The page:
Regardless, I have always been fascinated, actually, by people's enjoyment of being scared. From the haunted hayrides, the corn mazes, the creepy houses, the horror flicks, the screaming and the blood--it boggles me more than fundidiots!
I personally have never liked being scared--indeed, even mild suspense can sometimes get to me, although I will state that I love a good suspense flick much better than a horror flick. My brothers would actually make fun of me when, if they happened to be watching a horror movie or show on the television, I would vacate the living room as soon as I thought something even remotely horrifying was about to make an appearance. Whether suddenly having to go to the bathroom, or making up some other such excuse, I would take that time to play the "for-once-not-being-played" Nintendo, or have the bedroom for silent reading. (We three boys shared a bedroom until I was seventeen and demanded my father build a wall in the basement at a key point in which I could finally secure my own room...)
I sometimes wonder if this is how I try exert control over my environment? Or is this me being a slave to my fears? I don't fear fear--in fact, there isn't much I do fear! I just don't like that feeling of unknowing, of the surprise that's coming, and ultimately, of the nightmarish stories my subconscious imagines in the dead of the night! I remember I once made it through (what I now realize is the cheesiest flick ever made) a whole screening of the movie Alligator, and for years afterward, I had a nightmare in which a giant alligator was coming down Toll Gate Road, trying to gobble up my family... And while I can appreciate the cheesiness of it all now, back then I was terrified at the idea of loose alligators. Go figure, eh?
I must then ask myself, why doesn't the fear of eternal damnation hang over me, or even my subconscious, to the point where I must err on the side of "caution" and "believe" just to save myself the fear of hell fire? Is it that, as an adult, I can appreciate the "cheesiness" of fire insurance for a consciousness that won't survive past my heart beat? Or, on the flip side, is it my survival instincts of self-preservation that keeps me from even contemplating the notion, much as I wouldn't contemplate watching a horror movie?
I think it must be the first, as the second, the "contemplation," has been discussed both here and on other blogs, about the ludicrousness of such a netherworld created by a being to punish beings he created and doesn't want to punish... The circular, anti-rational logic of it all, is more reminiscent of a fire insurance policy, nay, perhaps even a panic button people can hit at will in an effort to absolve themselves of misdeeds and "less than nice" thoughts or actions!
In the ultimate of ironies (much like having a spoon when all you need if a knife), one must remember two key tenants: One, that you need Jesus blood to "wash away," or "cleanse" your sins, even though through some sort of loophole, you still end up paying the price of sin (i.e, death), but end up with life "eternally" in the presence of the one who died for you; and Two, even though you have been "washed" or "cleansed" of these sins, you will still commit acts of "wrongness" or "misdeeds," and thus continually need to regret and repent of these misdeeds (although it must be pointed out, in most Christian circles, misdeeds do not end your salvation, just a close relationship with said god).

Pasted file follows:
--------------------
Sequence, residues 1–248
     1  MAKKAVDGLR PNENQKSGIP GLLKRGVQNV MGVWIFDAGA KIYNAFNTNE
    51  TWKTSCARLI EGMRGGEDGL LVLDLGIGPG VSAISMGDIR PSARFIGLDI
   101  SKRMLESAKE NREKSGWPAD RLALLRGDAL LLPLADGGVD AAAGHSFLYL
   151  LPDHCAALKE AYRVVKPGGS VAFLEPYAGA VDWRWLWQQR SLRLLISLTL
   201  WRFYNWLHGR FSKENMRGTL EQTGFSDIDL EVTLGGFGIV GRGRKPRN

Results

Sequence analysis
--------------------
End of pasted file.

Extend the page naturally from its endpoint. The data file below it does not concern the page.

And you have to wonder (or, at least, I have to wonder) why wouldn't "salvation" erase the sin nature, thus leaving you sinless the remainder of your life? OR, barring some sort of telelogical law about such a scenario (although a study of the holy book will reveal no such block to sinless nature through salvation), why not then BAM! automatic everlasting life? Why the need to still die if Jesus truly paid the price for all our sins?
As you can see, it reduces into an acrimonious harmony of illogical thought and circular rational...
Fear, at its core, must be substantive, if it is to remain effective as a motivator (much like "justice" and "mercy" must have finite, measurable punishments for finite, measurable deeds, but that's for another time...). Fear is defined by Websters as "1 a: an unpleasant often strong emotion caused by anticipation or awareness of danger." In other words, you need a reason to be afraid, to have fear... Otherwise, your fear is considered irrational, and thus, is categorized as a "phobia." Phobia, from Websters, is "an exaggerated usually inexplicable and illogical fear of a particular object, class of objects, or situation."
Hell, or even the once-removed cousin through marriage thought of eternal punishment, is a christological phobia. An irrational fear. Inexplicable, illogical, and brought on by an exaggerated fable of yesteryears beliefs. The reason hell has lost much of its umph in driving hoards to a "saving knowledge of Jesus" isn't due to a sudden gambling urge against Pascal's Wager, but by a continuing body of knowledge which points in the direction of logic, not pointy-tailed red-horned devils on one shoulder and beatific angels on the other...
And while my primal subconscious may still be dealing with the supposedly very real threat of being eaten by alligators (or its related off-shoots), I can rest easy in the knowledge that
- Alligators are real.
- Alligators have eaten people.
- Alligators do not live in northeastern Pennsylvania.
And, and this I believe is most fundamental, fear, while maybe not widely recognized as such, is the sole motivator of continued religious belief, and it flourishes best in the minds of people who entertain false logic and hypotheticals...
Perhaps, as humanity continues to advance sociologically and psychologically, more people will confront the irrationality of god and his supposed eternal promises (not to mention punishments)?
It almost stretches one's faith in humanity to think so...